This is a one-time pay site. It has resources for teachers- printables, ideas, and even workshops. There is a section for matching classes from around the world to correspond and interact with each other. Content is not just science.
- Kids Zone.
Kids Zone is a Calgary based site for kids K-6. I checked out their bibliography and found they had sources such as the Calgary Zoo and Calgary Science Center. Many books were also cited. The site provides lesson plans and units from math and Language Arts to geography and science. There are experiments and science "tricks" to intrigue students as well as printables.
- MBG net. The Missouri Botanical Garden
Children can visit biomes of the world where they will find information about plant and animal life, maps of the biomes, student generated pictures from the biomes, and a variety of links to other cool sites. There are sections about Biomes of the World, Freshwater Ecosystems, and Marine Ecosystems.
- New Hampshire Public Television. Nature Works
This is a site that reviews the episodes of a natural science series for children. Included are sixteen different concepts and teachers' guides to adapt the activities to the classroom. There is complete vocabulary, hands-on activities, a section that shows how this relates to individual state standards and natural science resources on a state by state basis. We used this site with our students when they were researching different animal habitats.
- Nine Planets
The author of this site seems to missing. There is some information about the planets as well as a homework section for other subject areas besides science- the math looks a little interesting- but there are also a lot of advertisements to navigate around. To use this site with students one would need to direct them very carefully to the links that provide information and educational activities. For example, when one clicks on "Mercury" one gets links to Mercury cars, vacuum cleaners, and even an attorney who specializes in Mercury poisoning, but no link to planetary information.
- United Streaming.
This site has over 4000 digital video clip library from Discovery Education, appropriate for K-12 viewing. The videos are standards-based and are added to continuously. Courtney used this more often than I did this year. I got too frustrated at the slowness of the school computers.
- TLC Elementary School: People and the Environment. Video. Discovery Channel School. 2004.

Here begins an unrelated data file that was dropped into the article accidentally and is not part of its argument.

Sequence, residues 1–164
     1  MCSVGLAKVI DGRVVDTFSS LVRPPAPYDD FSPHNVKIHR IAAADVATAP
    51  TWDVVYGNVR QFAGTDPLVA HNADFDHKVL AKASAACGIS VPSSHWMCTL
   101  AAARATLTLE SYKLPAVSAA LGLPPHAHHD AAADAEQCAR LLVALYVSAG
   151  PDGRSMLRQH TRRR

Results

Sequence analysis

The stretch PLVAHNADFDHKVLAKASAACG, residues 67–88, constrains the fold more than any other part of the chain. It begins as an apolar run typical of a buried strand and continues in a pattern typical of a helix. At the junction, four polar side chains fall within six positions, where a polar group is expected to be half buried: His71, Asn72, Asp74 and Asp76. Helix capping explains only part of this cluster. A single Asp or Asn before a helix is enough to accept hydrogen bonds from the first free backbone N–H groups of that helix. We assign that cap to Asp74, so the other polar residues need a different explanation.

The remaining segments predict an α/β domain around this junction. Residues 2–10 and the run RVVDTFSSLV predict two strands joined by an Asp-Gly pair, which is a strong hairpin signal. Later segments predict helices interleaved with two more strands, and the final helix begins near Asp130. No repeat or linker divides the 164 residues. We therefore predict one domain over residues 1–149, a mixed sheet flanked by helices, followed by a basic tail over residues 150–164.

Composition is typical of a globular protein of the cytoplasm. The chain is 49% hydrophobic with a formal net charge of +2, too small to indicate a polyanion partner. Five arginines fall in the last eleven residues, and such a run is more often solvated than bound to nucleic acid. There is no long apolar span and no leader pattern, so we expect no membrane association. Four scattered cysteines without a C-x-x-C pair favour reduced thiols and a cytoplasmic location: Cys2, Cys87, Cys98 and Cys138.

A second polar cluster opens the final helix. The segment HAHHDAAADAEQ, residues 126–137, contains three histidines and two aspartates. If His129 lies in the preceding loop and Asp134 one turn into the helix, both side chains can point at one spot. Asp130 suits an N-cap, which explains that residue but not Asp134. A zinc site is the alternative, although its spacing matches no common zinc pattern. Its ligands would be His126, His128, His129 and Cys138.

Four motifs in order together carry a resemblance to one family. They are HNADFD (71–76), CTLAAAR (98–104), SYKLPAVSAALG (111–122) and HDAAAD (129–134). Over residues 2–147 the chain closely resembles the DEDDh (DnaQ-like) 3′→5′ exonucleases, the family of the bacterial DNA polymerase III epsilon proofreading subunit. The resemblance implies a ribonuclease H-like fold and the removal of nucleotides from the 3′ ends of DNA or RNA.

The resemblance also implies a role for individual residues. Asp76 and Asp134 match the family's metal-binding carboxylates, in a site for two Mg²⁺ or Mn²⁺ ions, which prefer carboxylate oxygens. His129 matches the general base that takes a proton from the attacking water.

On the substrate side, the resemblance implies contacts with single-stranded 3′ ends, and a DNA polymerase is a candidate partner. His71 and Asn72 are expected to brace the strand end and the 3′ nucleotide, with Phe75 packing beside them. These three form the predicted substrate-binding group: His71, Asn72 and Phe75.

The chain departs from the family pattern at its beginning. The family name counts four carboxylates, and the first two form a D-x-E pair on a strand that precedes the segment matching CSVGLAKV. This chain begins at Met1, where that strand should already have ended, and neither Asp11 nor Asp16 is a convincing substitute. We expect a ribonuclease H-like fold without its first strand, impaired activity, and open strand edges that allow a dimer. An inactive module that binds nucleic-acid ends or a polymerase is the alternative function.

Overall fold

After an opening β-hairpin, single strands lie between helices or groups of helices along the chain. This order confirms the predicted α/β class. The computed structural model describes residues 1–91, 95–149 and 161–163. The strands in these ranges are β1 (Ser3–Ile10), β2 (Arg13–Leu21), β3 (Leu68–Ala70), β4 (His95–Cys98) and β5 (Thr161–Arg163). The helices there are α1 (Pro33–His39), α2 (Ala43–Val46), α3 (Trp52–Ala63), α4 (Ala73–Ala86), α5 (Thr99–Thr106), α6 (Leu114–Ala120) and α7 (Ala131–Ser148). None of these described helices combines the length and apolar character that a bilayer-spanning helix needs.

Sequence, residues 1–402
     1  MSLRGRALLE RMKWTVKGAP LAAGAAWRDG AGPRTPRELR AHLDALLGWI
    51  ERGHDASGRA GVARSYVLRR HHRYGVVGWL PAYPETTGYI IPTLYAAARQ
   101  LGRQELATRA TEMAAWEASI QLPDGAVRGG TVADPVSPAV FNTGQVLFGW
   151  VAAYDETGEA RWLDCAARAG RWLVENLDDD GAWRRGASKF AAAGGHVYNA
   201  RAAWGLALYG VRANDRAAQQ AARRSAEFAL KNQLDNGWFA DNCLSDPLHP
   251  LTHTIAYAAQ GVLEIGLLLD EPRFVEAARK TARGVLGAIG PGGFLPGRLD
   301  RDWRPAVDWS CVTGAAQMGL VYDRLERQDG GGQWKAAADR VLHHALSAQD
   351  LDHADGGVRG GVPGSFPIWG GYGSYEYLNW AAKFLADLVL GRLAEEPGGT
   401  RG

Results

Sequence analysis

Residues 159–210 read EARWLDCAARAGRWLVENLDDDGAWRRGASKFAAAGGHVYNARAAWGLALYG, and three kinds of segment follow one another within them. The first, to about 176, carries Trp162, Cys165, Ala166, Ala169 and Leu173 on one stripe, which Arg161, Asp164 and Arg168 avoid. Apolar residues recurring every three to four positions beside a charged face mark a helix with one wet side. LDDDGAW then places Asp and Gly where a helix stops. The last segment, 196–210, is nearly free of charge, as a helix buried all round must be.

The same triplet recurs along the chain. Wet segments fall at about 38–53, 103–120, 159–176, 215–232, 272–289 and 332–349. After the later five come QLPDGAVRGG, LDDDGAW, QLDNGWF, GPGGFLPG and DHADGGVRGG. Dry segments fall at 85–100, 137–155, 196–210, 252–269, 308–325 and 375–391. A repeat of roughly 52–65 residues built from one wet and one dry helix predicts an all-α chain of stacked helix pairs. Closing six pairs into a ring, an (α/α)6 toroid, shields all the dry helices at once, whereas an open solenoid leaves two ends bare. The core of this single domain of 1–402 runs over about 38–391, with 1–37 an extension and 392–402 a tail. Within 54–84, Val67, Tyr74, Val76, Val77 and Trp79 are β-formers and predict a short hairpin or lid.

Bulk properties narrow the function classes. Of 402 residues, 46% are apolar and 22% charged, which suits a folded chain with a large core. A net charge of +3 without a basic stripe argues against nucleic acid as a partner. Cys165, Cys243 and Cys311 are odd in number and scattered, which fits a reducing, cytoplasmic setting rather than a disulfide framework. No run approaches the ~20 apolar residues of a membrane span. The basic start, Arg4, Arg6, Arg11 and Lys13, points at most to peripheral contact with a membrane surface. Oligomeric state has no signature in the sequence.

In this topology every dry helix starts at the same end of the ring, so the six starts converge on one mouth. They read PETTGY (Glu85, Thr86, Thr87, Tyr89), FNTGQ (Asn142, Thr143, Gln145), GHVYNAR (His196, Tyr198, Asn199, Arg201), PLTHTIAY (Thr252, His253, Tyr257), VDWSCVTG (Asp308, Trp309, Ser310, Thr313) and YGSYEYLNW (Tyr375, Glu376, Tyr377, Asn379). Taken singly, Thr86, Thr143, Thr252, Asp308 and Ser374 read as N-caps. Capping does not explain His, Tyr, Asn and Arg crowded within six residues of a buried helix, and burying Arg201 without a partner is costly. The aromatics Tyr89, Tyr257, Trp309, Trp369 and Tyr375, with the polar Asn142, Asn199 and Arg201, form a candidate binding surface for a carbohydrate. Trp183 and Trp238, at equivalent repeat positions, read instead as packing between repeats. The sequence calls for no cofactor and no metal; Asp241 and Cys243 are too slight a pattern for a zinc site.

This video shows the effects of human industry on our planet. It also shows how we can change our ways of life to improve the overall health of the earth. Parts of this video cover the causes and effects of air and weather pollution and hazardous waste and the impact of recycling and other conservation efforts.
- Solar System, The: Above and Beyond. 100% Educational Videos. 1999.
Computer graphics and footage of the planets combine in this wonderful review of our solar system. Students are introduced to the structure of the different planets. They are also shown the history of human interest in the solar system.
- Solar System, The: A First Look. 100% Educational Videos. 1998.
This video is magnificent because the students are able to take a tour of our solar system. They are able to visit each of the nine planets to learn details about them. They learn about their special features, sizes, orbits, moons, rings and how gravity keeps them in orbit. Details about the sun are also included.
- Getting to Know Gravity. 100% Educational Videos. 2000.
Gravity is discovered here when students learn how it affects people and things on this planet. Then they learn how gravity affects other planets. This learning journey demonstrates the effects of mass on gravity and the difference between mass and weight in a way that is easy to understand and fun to watch.
- Closer Look at the Moon, A: Space Science Series. 100% Educational Videos. 2004.
Earth's nearest neighbor is examined here and all of its uniqueness is shown. Students are able to see why there are so many more craters on the moon than on Earth. They are also introduced to how the Moon affects our oceans' tides. The moons orbit and the phases are also discussed.